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The Voigt-Kampff Test Symbol Timeline in Do Androids Dream of Electric Sheep?

The timeline below shows where the symbol The Voigt-Kampff Test appears in Do Androids Dream of Electric Sheep?. The colored dots and icons indicate which themes are associated with that appearance.
Chapter 3
Humanity, Androids, and Empathy Theme Icon
Perception, Reality, and Power Theme Icon
...at all—for all intents and purposes, they’re human beings. However, there is one test, the Voigt-Kampff Empathy Test, that’s designed to root out Nexus-Sixes. Because these robots are designed for intelligence,... (full context)
Chapter 4
Humanity, Androids, and Empathy Theme Icon
Perception, Reality, and Power Theme Icon
Bryant and Rick discuss the Voigt-Kampff test. It’s true, Bryant admits, that a few real human beings can’t pass this test.... (full context)
Humanity, Androids, and Empathy Theme Icon
Perception, Reality, and Power Theme Icon
...the Rosens into their building, where he explains that he’ll be running a series of Voigt-Kampff tests on Rosen employees to root out potential androids. Rachael asks Rick to give her... (full context)
Chapter 5
Humanity, Androids, and Empathy Theme Icon
Perception, Reality, and Power Theme Icon
Rick proceeds with his Voigt-Kampff test for Rachael Rosen. He shines a bright light into her eye to measure pupil... (full context)
Humanity, Androids, and Empathy Theme Icon
Perception, Reality, and Power Theme Icon
Commodification and Consumerism Theme Icon
...into revealing the inconclusiveness of his own test—by testing Rachael, Rick has proved that the Voigt-Kampff is invalid. (full context)
Humanity, Androids, and Empathy Theme Icon
Perception, Reality, and Power Theme Icon
Animals and the Environment Theme Icon
Commodification and Consumerism Theme Icon
...will help the Rosen corporation hunt down the Nexus-Six androids. Rachael assures Rick that the Voigt-Kampff test will be sufficient for testing Nexus-Six robots. Rick agrees to these terms—he’ll hunt down... (full context)
Humanity, Androids, and Empathy Theme Icon
Perception, Reality, and Power Theme Icon
Memory Theme Icon
Rick then has a suspicion, and tells Rachael he wants to ask her one more Voigt-Kampff test question. He tells Rachael that his suitcase is made from “human babyhide.” He notices... (full context)
Chapter 9
Humanity, Androids, and Empathy Theme Icon
Perception, Reality, and Power Theme Icon
Memory Theme Icon
Rick proceeds with the Voigt-Kampff test, and Miss Luft reluctantly listens to his questions. She goes off on long tangents... (full context)
Chapter 10
Humanity, Androids, and Empathy Theme Icon
...he’s found a body in Rick’s hovercar. A senior police officer asks Rick about the Voigt-Kampff equipment he’s carrying around, and tells Rick that he gets one phone call. (full context)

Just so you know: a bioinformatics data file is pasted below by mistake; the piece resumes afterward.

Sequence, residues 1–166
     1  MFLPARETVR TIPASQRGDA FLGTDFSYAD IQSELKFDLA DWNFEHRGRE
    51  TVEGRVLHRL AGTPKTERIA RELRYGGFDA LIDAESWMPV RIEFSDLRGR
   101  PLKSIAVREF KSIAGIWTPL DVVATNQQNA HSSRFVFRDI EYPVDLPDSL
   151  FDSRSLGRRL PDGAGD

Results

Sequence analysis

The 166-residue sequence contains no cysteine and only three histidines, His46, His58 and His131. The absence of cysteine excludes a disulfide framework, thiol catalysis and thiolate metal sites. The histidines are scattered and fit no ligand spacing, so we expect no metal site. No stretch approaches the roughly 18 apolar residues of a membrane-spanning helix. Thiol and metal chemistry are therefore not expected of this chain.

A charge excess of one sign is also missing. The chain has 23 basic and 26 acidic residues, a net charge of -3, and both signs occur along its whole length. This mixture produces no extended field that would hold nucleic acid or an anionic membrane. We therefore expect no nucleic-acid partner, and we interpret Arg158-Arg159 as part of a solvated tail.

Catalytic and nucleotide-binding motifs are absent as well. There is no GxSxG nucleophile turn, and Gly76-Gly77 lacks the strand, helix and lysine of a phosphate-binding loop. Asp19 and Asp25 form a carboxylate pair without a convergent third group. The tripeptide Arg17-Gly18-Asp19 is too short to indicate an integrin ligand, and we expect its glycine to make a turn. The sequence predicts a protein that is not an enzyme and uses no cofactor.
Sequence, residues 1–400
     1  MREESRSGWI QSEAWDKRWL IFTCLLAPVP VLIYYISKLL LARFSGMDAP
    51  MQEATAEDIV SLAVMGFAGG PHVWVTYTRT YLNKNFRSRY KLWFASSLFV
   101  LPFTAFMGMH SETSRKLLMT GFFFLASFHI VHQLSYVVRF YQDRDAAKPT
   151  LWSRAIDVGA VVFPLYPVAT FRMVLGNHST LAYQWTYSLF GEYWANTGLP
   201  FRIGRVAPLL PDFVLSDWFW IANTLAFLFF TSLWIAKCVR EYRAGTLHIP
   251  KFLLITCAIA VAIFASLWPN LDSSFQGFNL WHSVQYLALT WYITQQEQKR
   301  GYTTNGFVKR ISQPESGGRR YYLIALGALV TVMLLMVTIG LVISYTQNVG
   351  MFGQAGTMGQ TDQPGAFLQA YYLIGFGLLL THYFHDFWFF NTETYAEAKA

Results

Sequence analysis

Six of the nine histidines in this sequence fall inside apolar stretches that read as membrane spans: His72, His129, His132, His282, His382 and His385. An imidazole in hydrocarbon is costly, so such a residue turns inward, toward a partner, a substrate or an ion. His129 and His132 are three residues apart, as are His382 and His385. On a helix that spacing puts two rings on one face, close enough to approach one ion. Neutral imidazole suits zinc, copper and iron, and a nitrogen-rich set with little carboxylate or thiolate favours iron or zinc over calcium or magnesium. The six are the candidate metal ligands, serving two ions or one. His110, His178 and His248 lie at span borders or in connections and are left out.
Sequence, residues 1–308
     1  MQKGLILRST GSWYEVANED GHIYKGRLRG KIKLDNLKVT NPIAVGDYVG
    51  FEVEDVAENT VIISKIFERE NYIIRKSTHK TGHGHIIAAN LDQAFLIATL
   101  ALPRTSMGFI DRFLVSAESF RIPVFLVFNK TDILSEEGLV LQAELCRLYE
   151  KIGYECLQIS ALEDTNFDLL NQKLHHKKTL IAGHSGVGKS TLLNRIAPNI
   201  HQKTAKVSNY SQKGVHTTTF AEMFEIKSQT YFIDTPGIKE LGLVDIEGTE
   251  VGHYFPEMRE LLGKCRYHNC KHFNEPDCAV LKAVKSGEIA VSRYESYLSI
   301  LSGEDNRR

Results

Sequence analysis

Humanity, Androids, and Empathy Theme Icon
Perception, Reality, and Power Theme Icon
Commodification and Consumerism Theme Icon
...of this police agency in his life. He claims that he’s never heard of the Voigt-Kampff test, and that Rick has probably been killing innocent human beings, not androids. Resch suggests... (full context)
Chapter 11
Humanity, Androids, and Empathy Theme Icon
Perception, Reality, and Power Theme Icon
Memory Theme Icon
Rick proceeds with his Voigt-Kampff test, applying it to Phil Resch, another bounty-hunter. Resch nods and goes to get his... (full context)
Chapter 12
Humanity, Androids, and Empathy Theme Icon
Perception, Reality, and Power Theme Icon
Memory Theme Icon
...for Luft, as Resch looks on, perplexed. Rick tells Resch that he’ll give Resch the Voigt-Kampff test soon, and Resch will see that he’s an android. Because Resch came to Earth... (full context)
Humanity, Androids, and Empathy Theme Icon
Perception, Reality, and Power Theme Icon
...and Rick climb into the hovercar. Inside the car, Rick takes out some of the Voigt-Kampff equipment that he carries in his briefcase. He attaches adhesive pads to Resch’s cheeks and... (full context)
Humanity, Androids, and Empathy Theme Icon
Perception, Reality, and Power Theme Icon
Memory Theme Icon
...Garland: Garland was trying to split up Rick and Resch. Rick wonders aloud why the Voigt-Kampff test doesn’t measure humans’ empathy to androids. Previously, Rick had believed that empathy toward robots... (full context)
Humanity, Androids, and Empathy Theme Icon
Perception, Reality, and Power Theme Icon
Memory Theme Icon
Rick tells Resch that he wants Resch to administer the Voigt-Kampff test on him. Rick points the machines at his own eyes, and then says, “I’m... (full context)
Chapter 19
Humanity, Androids, and Empathy Theme Icon
...an easier time retiring them, since he’s no longer legally required to give them a Voigt-Kampff test first. (full context)